1. Introduction

Emergency responses often operate in complex conflict environments, whether the emergency is directly caused by conflict or by a natural disaster (or a combination of both). If emergency responses are insensitive to conflict, programmes may be affected by the conflict and be less effective. More crucially, they may inadvertently trigger, prolong or increase violence and suffering. The humanitarian imperative to respond to those most in need is the key driver of emergency interventions but agencies also have a responsibility to consider their impact on conflict, social cohesion, and violence. Conflict-sensitive approaches to aid seek to minimise negative impacts and maximise positive impacts of humanitarian assistance on conflict. They can be applied to all interventions at all stages of the programme cycle (preparedness, assessment, design, implementation, monitoring and evaluation) and in all contexts (not only war zones).

Conflict-linked challenges in emergency response include displaced populations being deliberate targets of violence, perpetrators of violence being indistinguishable from target groups, problems of distributing resources in situations of scarcity where violence is used as a tool to obtain a livelihood, and civilians experiencing deliberate rights violations and abuses (including sexual exploitation by parties to conflict or by personnel of peacekeeping or aid missions – refer to Chapter on Prevention of and response to sexual exploitation and abuse). Conflict sensitivity is integral to protection approaches and quality and accountability measures particularly communications and feedback systems. Much of conflict sensitivity is simply a reinforcement of good programming and risk management. (See CET Chapter on Quality and Accountability).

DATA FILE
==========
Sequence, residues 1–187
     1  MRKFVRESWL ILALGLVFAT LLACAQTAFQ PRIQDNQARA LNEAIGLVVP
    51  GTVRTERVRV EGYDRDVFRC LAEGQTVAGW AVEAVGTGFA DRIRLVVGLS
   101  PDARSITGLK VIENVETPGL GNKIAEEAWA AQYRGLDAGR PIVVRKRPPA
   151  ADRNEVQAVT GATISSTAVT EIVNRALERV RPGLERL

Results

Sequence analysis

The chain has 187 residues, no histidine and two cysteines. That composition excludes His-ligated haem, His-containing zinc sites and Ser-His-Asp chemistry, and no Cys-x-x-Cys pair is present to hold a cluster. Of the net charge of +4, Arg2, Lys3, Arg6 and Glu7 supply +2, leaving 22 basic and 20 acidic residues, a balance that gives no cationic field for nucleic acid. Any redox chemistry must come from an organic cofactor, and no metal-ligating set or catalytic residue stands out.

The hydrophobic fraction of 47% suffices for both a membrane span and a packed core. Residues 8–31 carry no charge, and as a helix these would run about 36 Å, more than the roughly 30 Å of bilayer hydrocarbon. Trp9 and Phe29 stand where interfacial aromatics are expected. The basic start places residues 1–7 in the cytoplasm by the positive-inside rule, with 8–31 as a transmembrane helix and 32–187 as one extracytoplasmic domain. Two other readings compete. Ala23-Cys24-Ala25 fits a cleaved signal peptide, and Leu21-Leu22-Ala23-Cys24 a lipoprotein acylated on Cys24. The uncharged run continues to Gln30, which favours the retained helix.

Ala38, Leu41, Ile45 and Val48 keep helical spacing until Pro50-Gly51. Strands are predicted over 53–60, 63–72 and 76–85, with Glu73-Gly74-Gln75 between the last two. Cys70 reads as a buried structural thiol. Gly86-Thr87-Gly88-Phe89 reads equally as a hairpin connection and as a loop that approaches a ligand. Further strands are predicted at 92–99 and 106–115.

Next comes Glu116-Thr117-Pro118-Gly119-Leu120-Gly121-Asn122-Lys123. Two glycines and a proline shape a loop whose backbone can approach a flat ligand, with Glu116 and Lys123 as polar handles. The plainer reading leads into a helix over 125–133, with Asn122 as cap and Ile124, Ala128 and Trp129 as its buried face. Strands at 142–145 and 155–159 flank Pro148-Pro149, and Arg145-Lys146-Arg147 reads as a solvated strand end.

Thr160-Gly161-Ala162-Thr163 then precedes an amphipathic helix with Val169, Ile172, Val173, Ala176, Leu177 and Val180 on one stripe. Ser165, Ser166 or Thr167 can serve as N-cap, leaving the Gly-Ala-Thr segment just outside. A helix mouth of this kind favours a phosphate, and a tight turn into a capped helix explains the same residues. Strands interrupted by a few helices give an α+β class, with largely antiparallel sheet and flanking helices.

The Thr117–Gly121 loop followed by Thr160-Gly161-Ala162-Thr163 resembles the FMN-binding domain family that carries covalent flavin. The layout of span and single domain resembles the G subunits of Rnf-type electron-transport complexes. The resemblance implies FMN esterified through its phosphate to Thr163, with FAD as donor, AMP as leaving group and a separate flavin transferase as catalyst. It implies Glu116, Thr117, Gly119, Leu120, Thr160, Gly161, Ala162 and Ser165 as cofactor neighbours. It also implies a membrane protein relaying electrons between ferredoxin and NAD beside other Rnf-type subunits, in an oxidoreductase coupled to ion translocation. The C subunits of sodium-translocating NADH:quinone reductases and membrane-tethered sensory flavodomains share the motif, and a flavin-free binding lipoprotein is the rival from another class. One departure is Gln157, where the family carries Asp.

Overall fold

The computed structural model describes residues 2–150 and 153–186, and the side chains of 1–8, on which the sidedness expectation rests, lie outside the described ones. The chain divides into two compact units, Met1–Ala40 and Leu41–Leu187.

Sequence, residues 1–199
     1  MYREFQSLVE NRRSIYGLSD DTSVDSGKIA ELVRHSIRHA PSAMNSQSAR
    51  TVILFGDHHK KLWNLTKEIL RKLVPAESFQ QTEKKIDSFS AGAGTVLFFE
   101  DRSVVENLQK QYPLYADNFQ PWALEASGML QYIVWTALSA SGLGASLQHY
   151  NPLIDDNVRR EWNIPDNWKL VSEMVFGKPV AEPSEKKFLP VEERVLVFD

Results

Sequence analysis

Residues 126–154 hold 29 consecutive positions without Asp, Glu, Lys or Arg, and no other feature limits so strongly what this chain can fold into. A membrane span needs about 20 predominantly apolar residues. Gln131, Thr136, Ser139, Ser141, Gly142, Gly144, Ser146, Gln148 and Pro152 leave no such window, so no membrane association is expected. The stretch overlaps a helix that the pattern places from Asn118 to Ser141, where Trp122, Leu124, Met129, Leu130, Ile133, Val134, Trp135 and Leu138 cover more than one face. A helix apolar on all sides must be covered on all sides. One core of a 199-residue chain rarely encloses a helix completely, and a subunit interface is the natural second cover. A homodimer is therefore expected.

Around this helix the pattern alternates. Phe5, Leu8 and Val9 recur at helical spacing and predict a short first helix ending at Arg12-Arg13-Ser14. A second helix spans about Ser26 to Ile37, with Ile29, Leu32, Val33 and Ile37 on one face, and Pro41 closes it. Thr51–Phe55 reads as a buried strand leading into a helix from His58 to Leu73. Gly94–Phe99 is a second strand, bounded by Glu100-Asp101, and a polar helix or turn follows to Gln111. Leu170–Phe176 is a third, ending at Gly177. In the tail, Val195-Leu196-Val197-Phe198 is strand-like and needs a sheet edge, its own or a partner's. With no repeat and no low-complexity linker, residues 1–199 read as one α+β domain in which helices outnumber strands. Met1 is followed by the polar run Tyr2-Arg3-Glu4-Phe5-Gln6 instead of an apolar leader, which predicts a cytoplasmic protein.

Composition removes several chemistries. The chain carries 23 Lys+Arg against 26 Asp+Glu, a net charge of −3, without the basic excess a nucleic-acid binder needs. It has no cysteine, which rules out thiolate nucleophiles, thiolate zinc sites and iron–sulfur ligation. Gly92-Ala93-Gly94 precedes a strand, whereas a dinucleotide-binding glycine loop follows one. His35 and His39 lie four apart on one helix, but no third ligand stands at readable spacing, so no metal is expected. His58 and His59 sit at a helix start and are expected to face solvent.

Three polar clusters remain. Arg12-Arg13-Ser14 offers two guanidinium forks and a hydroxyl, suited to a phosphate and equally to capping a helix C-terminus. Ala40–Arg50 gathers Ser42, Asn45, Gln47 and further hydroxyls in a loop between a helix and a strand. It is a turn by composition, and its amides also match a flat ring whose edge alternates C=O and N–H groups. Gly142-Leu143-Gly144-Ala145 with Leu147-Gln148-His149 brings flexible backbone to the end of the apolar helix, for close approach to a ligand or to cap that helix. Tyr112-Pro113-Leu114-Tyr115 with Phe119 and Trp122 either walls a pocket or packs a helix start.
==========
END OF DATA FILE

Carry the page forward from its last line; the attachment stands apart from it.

With the majority of the UN’s Level 3 emergencies now conflict driven, it is clear that CARE’s biggest (Type 4) responses will very often be in protracted conflict settings. CARE’s emergency programming in conflict contexts must systematically build conflict sensitivity into our operations, combining protection, gender, accountability and security processes. At a systemic level, the effects of climate change are now more than ever interacting with political dynamics to further weaken fragile states and trigger outbreaks of violence.  Political, economic, environmental and social impacts are now all required areas for attention in planning for emergencies and helping communities to build resilience. Trends that CARE will have to focus on in coming years include:

o   More operations in situations of protracted crisis such as the DRC and South Sudan with mixed development and humanitarian programming creating tensions between supporting governance, stabilisation and statebuilding and adhering strictly to humanitarian principles;

o   Shrinking access with more aid workers targeted by armed groups necessitating more and complex remote management of partners;

o   Shrinking operational space due to the growing antipathy of host governments towards NGOs, legal restrictions on principled action by donors framed around counter-terrorism, and a weakening of the international system to enforce humanitarian access over state sovereignty.

o   A greater emphasis on protection mainstreaming, and a focus on gender transformation in emergencies (including more meaningful participation of women)